'A portrait of my daughter, once a week, every week in 2015.'

Dear Ruby,
You had your first taste of homemade mince pies this week - a classic British Christmastime treat - and you loved them. 
We have been to the park at least five out of the last seven days, and somehow, you never tire of the adventures you have there. I have to admit that my tolerance for our local park has started to wear slightly thin, particularly with the lack of light and volume of rain we have in the Winter. So, we have started going swimming more often, much to your delight. You are so bold when it comes to swimming, and I love this about you. We've been going swimming every week since you were 6 months old, so in some ways, I am not surprised by your boldness, because it is a confidence that has grown over time. But I am still in awe of you and the way you are so happy when you are in the water. Keep swimming, my little water baby,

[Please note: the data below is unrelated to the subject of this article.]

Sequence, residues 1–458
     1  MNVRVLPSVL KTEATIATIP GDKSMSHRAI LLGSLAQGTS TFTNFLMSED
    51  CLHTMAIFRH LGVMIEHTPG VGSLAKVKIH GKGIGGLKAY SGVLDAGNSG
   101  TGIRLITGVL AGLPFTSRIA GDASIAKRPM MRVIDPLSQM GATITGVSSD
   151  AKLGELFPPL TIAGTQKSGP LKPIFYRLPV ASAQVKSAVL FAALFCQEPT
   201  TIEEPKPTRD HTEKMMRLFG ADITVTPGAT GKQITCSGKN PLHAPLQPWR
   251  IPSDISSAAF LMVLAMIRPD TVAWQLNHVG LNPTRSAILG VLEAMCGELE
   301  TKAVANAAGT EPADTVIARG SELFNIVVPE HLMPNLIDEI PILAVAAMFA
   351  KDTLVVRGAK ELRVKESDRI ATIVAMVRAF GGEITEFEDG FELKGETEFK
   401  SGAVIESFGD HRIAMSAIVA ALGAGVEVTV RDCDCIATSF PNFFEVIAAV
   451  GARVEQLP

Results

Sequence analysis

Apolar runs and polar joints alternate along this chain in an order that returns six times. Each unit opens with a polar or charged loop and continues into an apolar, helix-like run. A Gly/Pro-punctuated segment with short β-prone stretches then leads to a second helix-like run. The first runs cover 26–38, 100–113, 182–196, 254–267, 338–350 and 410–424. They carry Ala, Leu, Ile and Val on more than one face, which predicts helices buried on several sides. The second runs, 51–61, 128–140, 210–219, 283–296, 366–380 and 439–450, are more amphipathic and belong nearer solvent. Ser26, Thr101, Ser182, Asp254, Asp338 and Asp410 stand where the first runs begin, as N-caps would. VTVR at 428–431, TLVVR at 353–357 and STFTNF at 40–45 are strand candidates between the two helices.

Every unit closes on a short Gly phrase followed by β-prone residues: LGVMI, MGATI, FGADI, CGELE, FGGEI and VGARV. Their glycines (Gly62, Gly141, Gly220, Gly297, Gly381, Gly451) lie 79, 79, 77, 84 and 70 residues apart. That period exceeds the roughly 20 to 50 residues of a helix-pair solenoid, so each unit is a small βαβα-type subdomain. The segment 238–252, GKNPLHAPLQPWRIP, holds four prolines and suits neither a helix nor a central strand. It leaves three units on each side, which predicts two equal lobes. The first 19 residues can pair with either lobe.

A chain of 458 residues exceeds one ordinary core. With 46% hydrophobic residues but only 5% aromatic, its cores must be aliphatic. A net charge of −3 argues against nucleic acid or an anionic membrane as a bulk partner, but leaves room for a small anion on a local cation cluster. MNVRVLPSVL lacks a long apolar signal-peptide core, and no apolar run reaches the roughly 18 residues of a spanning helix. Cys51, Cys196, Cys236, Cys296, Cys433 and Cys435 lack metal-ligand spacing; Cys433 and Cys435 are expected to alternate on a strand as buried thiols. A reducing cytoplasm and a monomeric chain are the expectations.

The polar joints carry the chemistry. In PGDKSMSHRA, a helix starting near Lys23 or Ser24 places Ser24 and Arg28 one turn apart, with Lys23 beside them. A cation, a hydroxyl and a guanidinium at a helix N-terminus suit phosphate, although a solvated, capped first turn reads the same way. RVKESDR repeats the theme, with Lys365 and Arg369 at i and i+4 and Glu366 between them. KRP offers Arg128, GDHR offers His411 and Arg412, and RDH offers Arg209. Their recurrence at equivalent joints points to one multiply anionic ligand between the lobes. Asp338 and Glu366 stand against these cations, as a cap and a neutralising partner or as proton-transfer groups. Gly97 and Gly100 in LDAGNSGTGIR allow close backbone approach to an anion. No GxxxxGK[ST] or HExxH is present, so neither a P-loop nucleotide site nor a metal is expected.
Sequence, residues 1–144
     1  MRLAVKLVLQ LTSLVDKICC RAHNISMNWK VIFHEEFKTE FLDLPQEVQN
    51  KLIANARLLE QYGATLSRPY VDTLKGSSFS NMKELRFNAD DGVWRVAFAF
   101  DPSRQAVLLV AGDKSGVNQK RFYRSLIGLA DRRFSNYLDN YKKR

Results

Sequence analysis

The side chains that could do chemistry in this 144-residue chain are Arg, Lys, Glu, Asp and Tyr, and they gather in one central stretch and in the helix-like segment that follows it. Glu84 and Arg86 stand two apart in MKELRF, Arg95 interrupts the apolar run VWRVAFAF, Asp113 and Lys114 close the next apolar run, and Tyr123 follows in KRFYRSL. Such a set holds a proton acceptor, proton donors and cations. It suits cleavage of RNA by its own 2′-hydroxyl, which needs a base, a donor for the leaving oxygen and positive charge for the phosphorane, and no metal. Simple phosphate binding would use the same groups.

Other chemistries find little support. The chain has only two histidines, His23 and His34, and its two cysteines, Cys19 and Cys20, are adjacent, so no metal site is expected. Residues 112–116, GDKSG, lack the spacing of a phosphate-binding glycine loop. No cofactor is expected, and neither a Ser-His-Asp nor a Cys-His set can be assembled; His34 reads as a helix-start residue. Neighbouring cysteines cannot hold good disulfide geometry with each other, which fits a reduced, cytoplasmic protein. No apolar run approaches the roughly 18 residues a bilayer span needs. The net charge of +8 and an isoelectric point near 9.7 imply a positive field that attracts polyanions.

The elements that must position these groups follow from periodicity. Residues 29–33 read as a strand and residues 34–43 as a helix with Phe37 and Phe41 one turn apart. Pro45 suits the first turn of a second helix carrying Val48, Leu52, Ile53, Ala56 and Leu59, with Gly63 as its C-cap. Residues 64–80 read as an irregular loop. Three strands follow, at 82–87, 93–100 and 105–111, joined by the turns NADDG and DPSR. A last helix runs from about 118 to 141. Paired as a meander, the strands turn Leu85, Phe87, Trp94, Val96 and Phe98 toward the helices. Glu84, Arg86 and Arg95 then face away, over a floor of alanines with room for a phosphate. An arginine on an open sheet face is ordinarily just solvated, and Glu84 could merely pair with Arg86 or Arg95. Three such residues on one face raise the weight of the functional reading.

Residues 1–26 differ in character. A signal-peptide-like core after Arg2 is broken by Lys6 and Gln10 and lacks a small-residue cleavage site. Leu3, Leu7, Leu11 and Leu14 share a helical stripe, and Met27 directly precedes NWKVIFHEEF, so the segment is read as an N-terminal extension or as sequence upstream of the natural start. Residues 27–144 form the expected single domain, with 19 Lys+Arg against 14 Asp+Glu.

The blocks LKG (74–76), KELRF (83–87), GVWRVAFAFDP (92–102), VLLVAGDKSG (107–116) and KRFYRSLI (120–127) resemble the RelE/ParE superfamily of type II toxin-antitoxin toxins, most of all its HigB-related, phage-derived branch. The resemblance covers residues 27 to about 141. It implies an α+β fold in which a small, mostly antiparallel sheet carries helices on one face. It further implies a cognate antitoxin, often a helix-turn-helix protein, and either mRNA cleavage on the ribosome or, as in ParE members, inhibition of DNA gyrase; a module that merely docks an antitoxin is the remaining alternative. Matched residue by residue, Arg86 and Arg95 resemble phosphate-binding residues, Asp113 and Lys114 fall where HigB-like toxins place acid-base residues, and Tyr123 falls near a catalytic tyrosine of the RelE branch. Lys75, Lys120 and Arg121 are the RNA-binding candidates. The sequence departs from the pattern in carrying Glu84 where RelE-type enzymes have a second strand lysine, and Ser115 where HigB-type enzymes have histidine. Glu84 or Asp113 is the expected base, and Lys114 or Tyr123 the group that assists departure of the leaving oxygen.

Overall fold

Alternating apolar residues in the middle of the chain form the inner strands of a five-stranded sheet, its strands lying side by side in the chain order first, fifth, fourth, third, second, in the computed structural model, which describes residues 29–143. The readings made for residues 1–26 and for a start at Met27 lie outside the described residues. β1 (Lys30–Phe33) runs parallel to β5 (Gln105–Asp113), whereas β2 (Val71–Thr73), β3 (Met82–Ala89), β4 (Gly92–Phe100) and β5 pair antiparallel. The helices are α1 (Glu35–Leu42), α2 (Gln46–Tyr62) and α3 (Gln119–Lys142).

All my love,

Tuesday, 8 December 2015

The 52 Project: 49/52

'A portrait of my daughter, once a week, every week in 2015.'

Dear Ruby,
You will know by now that I like to write you letters. I have spent the last two years and nine months writing letters to you at least once a week.) Often, I start composing these letters in my head well before I have the opportunity to put pen to paper - or in this case - fingers to keyboard. A couple of days before your second birthday, I started writing a letter to you in my head about some of the moments of this last year that have stuck with me. One of those moments was our trip to A&E in August after you fell off our wall while watching hot air balloons, and cracked open your eyebrow. In my head, the letter went a bit like this...

'Dear Ruby,
Your second year of life involved your first trip to A&E  - in my whole life I have only wound up in A&E once and that was when I was about 12 - I forced a ring onto my finger that was far too small and my finger swelled up quite dramatically. So, we're 1-1 at the moment, and I really hope that we never have to take you to A&E again.'